The secondary level of prevention is an attempt to capture problems in their infancy. As teachers begin demonstrating the signs of burnout described previously steps must be taken to correct the problem at that stage.

The tertiary level of prevention addresses the concern of what should happen following burnout and how to limit attrition. The burnout moment may be the result of a series of stressful events of a single catastrophic incident (Densten, 2001, p.834). The decision to ultimately leave teaching is a composite of financial and family concerns. If the labor market is bad and an individual has a large debt they may be inclined to tough it out hoping for a change when things get better. In this regard elements such as proximity to retirement also play a role in that the closer an individual is to retirement the less likely they are to want to leave. This however does not address the full scope of burnout, since a teacher remaining on the job does not prevent burnout.

To address burnout some teachers "downshift" that is they may secure a less demanding role at the school. This position may not have the prestige of their prior position but it is not as stressful for the individual. Alternately, teachers may decide to develop other interests as a way to reduce the stress levels or may move to a different school that they perceive as less stressful. Fore (n.d.) suggests that at this stage a salary increase may assist with both burnout and retention. Support staff can be employed to reduce the paperwork the teacher handles and some classroom stress.

Teacher burnout among special educators is a taxing problem. The problem is amplified by the nature of the special education challenge and by stressor on the job. Long-term solutions to teacher burnout must consider a multiplicity of factors to create a comprehensive solution. The future demands that such solutions all consider the nuanced nature of special education.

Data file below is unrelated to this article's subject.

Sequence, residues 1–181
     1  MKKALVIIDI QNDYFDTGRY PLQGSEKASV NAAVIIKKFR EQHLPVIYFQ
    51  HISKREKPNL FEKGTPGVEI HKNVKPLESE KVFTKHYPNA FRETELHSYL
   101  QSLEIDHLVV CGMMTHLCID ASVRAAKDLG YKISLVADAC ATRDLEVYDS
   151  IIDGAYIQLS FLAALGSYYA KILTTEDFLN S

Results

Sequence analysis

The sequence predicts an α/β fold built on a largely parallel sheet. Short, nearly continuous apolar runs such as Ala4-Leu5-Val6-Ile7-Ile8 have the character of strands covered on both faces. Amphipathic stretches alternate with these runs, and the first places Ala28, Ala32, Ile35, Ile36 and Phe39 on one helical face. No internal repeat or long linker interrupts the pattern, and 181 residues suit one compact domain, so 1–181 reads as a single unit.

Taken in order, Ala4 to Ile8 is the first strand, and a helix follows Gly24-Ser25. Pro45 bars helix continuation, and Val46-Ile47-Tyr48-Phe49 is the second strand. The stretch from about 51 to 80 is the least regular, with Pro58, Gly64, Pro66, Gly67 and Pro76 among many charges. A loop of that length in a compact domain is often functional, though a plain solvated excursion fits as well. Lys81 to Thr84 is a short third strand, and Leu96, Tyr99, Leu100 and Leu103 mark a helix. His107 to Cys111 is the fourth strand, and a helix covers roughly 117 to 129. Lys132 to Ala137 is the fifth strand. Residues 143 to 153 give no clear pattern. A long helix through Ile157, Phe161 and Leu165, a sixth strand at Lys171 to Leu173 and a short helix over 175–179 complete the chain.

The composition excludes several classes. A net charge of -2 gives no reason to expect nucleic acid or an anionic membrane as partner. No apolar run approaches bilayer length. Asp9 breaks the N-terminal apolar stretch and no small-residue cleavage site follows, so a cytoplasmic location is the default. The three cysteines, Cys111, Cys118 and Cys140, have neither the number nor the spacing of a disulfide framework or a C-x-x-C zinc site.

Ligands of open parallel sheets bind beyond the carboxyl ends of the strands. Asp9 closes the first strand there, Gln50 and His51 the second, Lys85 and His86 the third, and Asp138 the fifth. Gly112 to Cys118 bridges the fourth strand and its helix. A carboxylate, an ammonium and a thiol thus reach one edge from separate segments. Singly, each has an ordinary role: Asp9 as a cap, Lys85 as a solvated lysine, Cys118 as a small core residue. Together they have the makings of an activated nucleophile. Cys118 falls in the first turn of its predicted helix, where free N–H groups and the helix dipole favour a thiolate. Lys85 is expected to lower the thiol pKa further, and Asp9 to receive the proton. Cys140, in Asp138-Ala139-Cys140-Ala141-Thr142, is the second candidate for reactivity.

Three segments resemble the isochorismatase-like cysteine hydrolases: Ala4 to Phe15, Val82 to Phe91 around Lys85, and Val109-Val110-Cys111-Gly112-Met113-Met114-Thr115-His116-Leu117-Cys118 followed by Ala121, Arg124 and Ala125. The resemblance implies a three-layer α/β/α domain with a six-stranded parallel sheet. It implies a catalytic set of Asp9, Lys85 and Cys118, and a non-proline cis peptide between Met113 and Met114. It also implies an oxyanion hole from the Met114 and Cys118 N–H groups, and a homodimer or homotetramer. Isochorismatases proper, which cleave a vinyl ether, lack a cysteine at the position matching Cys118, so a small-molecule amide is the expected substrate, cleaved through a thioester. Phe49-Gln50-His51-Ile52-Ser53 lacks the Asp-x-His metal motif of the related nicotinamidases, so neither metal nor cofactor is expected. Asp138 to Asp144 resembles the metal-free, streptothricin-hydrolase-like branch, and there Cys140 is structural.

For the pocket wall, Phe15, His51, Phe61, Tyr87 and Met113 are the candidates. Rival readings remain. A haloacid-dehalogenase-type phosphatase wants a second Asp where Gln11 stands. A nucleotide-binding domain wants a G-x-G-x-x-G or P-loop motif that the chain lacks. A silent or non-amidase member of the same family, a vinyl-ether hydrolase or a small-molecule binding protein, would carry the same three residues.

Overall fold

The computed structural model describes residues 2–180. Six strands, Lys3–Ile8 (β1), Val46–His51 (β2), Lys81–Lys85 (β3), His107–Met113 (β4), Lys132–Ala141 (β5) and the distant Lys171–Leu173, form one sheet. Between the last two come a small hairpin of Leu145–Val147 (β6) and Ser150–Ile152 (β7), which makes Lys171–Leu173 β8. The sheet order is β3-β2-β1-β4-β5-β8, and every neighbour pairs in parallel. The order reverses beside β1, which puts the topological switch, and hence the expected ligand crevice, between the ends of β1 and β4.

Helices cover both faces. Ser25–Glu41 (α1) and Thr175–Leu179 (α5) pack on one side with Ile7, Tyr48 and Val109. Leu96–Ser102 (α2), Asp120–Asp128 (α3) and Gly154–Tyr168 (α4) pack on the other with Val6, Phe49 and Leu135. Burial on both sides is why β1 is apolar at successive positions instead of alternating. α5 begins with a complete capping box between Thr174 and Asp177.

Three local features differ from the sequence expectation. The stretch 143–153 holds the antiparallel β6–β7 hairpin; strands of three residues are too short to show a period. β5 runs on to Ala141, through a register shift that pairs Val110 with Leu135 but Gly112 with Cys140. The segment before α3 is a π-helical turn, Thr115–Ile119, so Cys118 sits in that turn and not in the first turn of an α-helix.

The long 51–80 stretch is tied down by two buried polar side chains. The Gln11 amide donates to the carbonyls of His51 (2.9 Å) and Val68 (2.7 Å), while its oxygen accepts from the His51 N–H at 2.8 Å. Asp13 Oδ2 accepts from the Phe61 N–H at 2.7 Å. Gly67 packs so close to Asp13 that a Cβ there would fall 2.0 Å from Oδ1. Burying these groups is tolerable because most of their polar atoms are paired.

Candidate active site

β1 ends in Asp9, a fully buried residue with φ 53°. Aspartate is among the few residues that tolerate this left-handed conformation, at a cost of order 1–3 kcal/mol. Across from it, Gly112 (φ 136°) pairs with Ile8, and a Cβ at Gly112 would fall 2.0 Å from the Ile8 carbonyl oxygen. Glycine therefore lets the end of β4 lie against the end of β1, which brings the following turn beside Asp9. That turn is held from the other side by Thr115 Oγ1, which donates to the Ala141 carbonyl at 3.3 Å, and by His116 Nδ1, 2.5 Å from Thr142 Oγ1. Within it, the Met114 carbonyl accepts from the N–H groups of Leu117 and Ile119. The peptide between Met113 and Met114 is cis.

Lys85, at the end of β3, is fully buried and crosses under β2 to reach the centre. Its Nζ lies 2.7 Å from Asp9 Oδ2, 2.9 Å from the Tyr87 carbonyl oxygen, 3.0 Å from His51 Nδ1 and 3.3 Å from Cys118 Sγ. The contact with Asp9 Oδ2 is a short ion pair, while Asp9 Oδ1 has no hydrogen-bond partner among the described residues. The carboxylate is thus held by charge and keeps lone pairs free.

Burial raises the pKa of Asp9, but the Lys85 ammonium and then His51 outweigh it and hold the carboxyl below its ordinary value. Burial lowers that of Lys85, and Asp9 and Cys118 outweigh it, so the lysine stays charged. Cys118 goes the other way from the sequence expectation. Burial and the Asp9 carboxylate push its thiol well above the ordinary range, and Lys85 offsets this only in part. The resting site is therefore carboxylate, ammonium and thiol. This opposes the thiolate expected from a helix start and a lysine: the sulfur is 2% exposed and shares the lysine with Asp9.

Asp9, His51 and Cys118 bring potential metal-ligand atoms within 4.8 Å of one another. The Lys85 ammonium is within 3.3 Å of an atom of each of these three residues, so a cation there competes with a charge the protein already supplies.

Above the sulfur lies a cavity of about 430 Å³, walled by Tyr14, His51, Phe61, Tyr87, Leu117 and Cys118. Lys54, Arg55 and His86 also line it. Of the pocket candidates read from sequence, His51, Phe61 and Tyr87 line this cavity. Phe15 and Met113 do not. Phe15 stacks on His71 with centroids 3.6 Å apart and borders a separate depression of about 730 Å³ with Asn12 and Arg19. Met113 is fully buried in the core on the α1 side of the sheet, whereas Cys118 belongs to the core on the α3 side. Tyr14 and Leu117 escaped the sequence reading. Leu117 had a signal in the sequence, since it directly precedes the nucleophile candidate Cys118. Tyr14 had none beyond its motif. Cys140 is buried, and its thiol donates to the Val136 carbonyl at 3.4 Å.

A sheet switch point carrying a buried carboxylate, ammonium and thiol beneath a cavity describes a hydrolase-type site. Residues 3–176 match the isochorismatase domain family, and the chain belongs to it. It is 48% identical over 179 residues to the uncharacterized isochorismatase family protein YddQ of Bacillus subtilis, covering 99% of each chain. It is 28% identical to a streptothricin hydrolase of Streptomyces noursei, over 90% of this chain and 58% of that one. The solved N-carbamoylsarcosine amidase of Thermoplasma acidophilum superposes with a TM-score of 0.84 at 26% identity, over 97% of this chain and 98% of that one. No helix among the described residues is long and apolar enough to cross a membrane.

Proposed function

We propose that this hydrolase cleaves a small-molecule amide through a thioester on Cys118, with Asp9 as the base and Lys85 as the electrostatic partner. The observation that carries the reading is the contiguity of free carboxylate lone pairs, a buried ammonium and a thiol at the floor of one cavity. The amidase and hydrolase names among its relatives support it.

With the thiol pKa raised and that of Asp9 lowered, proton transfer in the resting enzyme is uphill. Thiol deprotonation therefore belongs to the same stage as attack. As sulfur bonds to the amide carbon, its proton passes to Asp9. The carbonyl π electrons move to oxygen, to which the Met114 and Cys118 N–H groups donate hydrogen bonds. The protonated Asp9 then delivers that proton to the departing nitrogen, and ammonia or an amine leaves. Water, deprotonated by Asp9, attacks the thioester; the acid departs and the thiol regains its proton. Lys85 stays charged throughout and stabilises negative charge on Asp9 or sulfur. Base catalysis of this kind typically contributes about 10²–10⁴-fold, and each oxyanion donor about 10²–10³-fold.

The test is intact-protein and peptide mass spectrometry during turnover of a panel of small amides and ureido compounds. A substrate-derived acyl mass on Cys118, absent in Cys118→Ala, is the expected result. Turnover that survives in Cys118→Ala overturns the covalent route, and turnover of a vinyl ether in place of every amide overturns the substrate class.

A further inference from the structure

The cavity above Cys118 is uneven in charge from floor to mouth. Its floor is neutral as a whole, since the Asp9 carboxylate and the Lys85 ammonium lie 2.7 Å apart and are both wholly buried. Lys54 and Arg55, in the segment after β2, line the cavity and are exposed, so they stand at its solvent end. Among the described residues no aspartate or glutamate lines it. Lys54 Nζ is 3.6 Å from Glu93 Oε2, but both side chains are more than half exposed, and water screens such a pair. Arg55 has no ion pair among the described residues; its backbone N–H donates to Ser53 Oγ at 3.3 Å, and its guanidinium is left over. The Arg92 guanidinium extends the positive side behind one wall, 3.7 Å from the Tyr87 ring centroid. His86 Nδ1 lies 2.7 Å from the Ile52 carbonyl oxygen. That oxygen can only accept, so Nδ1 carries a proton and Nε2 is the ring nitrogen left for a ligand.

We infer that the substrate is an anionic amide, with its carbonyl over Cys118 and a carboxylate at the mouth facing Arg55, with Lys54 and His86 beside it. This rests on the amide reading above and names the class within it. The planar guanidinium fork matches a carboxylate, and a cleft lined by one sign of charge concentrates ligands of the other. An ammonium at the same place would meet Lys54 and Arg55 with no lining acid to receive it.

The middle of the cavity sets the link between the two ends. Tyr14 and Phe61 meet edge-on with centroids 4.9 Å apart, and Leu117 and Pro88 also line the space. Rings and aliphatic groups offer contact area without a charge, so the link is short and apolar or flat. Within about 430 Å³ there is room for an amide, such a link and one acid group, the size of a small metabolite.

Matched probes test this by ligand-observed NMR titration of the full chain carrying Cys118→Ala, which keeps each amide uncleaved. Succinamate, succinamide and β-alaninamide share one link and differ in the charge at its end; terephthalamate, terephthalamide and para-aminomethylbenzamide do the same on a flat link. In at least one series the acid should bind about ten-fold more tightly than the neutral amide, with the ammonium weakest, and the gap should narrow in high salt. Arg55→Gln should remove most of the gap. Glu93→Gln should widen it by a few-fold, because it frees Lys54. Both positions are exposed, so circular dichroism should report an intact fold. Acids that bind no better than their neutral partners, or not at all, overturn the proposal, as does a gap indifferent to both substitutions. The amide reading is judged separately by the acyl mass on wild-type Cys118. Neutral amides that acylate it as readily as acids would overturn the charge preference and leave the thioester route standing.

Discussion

CEC Launches Initiative on Special Education Teaching Conditions, (1998, February/March).

CEC Today, 2(7) 2-24.

Densten, I.L. (2001). Re-Thinking burnout. Journal of Organizational Behavior 22(8): 833-847.

Fore, C. (n.d.).Why do special education teachers leave the field? Possible methods to increase retention. Retrieved from http://www.hiceducation.org/edu_proceedings/Cecil%20Fore%20III.pdf

Haberman, M. (2004). Teacher burnout in black and white. Retrieved from http://www.altcert.org/Articles/PDF/Teacher%20Burnout%20in%20Black%20and


Johnson, a.B., Gold, V., Williams, E. & Fiscus E.D. (1981). Special education teacher burnout:

A three part investigation. Paper presented at the annual international convention of the

Council for Exceptional Children.

Kyriacou, C., & Sutcliffe, J. (1978). Teacher stress: Prevalence, sources, and symptoms. British Journal of Educational Psychology, 48, 159-167.

Mcknab, P. (1995). Attrition of special education personnel in Kansas from 1993-94 to 1994-95.

Emporia, KS: Emporia State University, Division of Psychology and Special Education.

Parker-Pope, T. (2008). Teacher Burnout? Blame the Parents. Retrieved from http://well.blogs.nytimes.com/2008/01/02/teacher-burnout-blame-the-parents/

Schwab, R.L., Jackson, S.E., & Schuler R.S. (1986). Educator burnout: Sources and consequences. Educational Research Quarterly, 10(3):40-30.

Stewart, C. (2008). Avoid teacher burnout: Ways for early childhood educators to minimize job-related stress. Retrieved from http://www.suite101.com/content/avoid-teacher-burnout-a42564.

Wood, T.C. (2002) Understanding and preventing teacher burnout. Retrieved from http://www.ericdigests.org/2004-1/burnout.htm[continue]